But telling that story would prove a challenge.
For Slaves in the Family, Ball could draw on a rich trove of papers, from letters to slave lists, that his father’s forebears, wealthy rice planters in South Carolina, had preserved. The Ball papers, along with other documents and artifacts, also informed two of his subsequent books: The Sweet Hell Inside, a multigenerational chronicle of the mixed-race Harleston family (distant cousins of his), and The Genetic Strand, Ball’s attempt to resolve family mysteries by DNA-testing locks of his ancestors’ hair.
In Lecorgne’s case, however, the evidence was sparse. To reconstruct his great-great-grandfather’s life, Ball started with his great-aunt’s stories, along with genealogical information from Catholic Church records. But he found no Lecorgne letters, diaries, or other first-person sources—the gold standard for biographers.
Imagining his ancestor’s missing voice, he attempted a novel titled Memoir of a Klansman. But after 100 “mediocre” pages, he abandoned the effort. He settled on a hybrid form: Other historians, writing about women, Blacks, and the working class, were demonstrating the potential of combining indirect or unconventional evidence with informed speculation. Ball’s models included Jill Lepore (Book of Ages), Daniel J. Sharfstein (The Invisible Line), and Saidiya Hartman (Wayward Lives, Beautiful Experiments).
Ball’s book—like Lepore’s, on Benjamin Franklin’s sister Jane—is a “microhistory,” chronicling an individual whose deeds might seem unworthy of a full-length recounting. But “a single life carries a society in microcosm,” Ball explains in his prologue.
“To take ownership of white supremacy—acknowledge that it is part of my family history and, by implication, part of me—was frightening.”
One task was to tease out the links between Lecorgne and the white supremacist groups that flourished in southern Louisiana after the Civil War. While known collectively as the “Ku-klux,” these primarily French Catholic organizations had other names and morphed over time: the Knights of the White Camellia, the McEnery Militia, and the White League. Ball pinned down Lecorgne’s membership in the latter two groups and infers his membership in the more secretive Knights, whose founder was a family friend.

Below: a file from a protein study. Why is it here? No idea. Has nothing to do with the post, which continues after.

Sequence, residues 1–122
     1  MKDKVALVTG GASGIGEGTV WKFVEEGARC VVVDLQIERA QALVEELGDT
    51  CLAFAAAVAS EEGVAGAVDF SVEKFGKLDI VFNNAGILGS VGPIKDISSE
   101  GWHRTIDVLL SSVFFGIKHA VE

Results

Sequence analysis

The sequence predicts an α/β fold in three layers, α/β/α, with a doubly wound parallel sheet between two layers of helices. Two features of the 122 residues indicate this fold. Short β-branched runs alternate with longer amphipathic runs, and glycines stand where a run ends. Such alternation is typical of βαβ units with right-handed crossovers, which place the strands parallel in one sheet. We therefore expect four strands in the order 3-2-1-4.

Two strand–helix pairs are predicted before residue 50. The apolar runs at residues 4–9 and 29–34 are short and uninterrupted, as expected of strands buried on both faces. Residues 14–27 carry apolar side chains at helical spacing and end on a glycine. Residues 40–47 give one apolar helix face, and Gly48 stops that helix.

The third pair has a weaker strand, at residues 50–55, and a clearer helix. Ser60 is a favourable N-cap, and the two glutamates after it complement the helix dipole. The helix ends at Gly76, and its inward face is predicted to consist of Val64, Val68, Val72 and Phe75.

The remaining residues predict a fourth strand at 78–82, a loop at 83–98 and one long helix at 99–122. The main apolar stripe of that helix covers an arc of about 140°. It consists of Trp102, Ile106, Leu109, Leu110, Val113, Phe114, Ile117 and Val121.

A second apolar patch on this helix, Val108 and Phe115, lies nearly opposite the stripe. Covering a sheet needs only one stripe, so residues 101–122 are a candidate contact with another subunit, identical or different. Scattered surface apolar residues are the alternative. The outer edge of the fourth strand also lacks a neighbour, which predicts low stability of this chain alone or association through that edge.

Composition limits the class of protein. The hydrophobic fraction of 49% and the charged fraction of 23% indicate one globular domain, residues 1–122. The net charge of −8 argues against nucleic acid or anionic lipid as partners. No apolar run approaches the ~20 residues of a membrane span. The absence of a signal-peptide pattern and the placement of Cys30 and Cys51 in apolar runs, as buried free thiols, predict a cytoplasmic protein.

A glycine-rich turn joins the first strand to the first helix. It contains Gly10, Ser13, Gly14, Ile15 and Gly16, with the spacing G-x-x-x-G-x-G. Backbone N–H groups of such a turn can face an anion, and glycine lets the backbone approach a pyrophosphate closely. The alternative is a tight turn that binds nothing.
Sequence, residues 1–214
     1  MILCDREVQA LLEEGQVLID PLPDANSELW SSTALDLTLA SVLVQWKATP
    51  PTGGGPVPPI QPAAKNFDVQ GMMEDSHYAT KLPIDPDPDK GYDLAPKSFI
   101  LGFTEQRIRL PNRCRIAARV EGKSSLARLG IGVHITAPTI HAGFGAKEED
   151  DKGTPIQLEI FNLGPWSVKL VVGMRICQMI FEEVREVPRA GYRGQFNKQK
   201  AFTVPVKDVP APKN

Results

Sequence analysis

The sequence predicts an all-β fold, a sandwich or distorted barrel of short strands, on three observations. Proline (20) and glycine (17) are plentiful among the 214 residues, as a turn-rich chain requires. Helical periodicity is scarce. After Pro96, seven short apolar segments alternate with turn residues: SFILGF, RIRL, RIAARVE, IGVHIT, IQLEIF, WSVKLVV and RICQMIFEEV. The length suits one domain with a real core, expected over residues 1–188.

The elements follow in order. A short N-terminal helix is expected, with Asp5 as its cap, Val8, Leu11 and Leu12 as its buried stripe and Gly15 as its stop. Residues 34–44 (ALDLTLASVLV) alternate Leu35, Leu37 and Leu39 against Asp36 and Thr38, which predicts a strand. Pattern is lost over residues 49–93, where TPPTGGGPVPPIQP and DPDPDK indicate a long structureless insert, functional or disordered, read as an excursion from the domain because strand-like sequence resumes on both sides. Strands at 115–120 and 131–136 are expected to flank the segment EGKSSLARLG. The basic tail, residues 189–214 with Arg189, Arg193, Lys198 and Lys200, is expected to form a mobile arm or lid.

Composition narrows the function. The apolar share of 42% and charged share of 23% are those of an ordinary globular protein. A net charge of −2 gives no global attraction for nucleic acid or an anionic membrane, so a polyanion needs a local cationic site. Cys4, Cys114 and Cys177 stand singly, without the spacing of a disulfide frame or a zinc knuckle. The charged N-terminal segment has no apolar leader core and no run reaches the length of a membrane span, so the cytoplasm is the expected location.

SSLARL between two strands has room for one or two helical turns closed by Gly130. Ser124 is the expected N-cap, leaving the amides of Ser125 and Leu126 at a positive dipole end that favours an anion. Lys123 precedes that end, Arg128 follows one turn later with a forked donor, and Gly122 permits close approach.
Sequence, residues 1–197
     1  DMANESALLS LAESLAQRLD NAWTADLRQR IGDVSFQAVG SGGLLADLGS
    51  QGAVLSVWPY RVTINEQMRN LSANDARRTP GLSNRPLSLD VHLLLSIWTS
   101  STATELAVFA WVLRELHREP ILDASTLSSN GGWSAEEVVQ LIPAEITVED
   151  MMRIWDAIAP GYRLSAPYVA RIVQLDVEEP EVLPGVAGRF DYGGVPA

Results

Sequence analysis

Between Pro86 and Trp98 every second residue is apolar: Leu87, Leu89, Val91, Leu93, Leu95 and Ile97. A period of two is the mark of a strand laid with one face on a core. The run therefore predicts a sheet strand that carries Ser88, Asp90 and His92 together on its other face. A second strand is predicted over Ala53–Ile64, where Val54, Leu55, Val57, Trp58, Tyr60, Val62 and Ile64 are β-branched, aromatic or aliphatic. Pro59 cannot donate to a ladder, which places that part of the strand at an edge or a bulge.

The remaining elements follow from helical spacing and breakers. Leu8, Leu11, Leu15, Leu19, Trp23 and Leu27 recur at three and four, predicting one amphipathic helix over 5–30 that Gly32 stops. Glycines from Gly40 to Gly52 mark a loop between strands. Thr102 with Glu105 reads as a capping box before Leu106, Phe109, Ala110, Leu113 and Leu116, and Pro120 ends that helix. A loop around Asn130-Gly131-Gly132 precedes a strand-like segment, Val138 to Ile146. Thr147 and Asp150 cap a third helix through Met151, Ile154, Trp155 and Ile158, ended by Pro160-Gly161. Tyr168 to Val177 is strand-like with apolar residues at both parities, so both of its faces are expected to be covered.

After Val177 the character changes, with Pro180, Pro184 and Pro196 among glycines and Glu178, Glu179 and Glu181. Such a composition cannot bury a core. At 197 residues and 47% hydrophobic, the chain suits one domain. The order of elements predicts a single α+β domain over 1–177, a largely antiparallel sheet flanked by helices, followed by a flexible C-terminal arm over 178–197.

From the available evidence, Ball believes—but can’t prove—that Lecorgne participated in the 1866 Mechanics Institute Massacre in New Orleans, a deadly white uprising against Black political rights. An arrest record and indictment do clearly indicate his involvement in the McEnery Militia’s capture of a police station in 1873. The charges against him, for treason and violating the 1871 Ku Klux Klan Act, were dismissed, Ball says, by a sympathetic judge.
When Ball began his research five years ago, “before Trump, before the [publicized] rash of white supremacist murders,” some friends advised him not to bother. They suggested his concerns with the legacy of “whiteness” were outmoded in the “post-racial” era signaled by Barack Obama’s presidency. Ball parted with his literary agent of 15 years when she told him the subject was “too radioactive” and “had a deplorable protagonist.” Another agent signed on, then backed out, saying, “I don’t want to make a hero for white supremacists.”
Ball persisted. In 2017, he retained Andrew Wylie, an agent known for his high-powered literary clientele and clout. Shortly afterward, Ball received four offers for the book. He chose Farrar, Straus and Giroux, which had published Slaves in the Family.
“One thread that weaves through my books is that I do family history as a way to access History, with a capital H,” Ball says. “Family history is full of drama, and it opens a door directly to politics.”
Ball’s immediate family endured its own private dramas. His father, Theodore Porter Ball, was an Episcopal minister who kept changing congregations. “We moved around,” he says, from Georgia to Florida to Charleston, South Carolina. “He seemed to have a restless side to him because he would request another church assignment every three years or so.”
Ball remembers his childhood in the late 1960s and ’70s as “entirely segregated,” as though an “iron curtain” separated Blacks and whites.
After the recurrence of a brain tumor, his father, unable to work, committed suicide. “It broke our family,” says Ball, who was 12 at the time. “It broke my childhood into two parts, before and after his death, and decimated our sense of who we were.”
Ball’s mother, Janet Rowley Ball, moved the family—Ball and his brother Ted, two years older—back to her native New Orleans. She “wanted to be with her people,” he says. “It helped.” The family lived modestly on her earnings as a bookkeeper.
Scholarships and loans enabled Ball to attend Brown, where he studied history and planned to become a lawyer. “I wanted to be a part of the Ivy League gentry,” he says. But he wasn’t happy and after two years took a leave. “I think I had the restlessness that my dad had,” he says.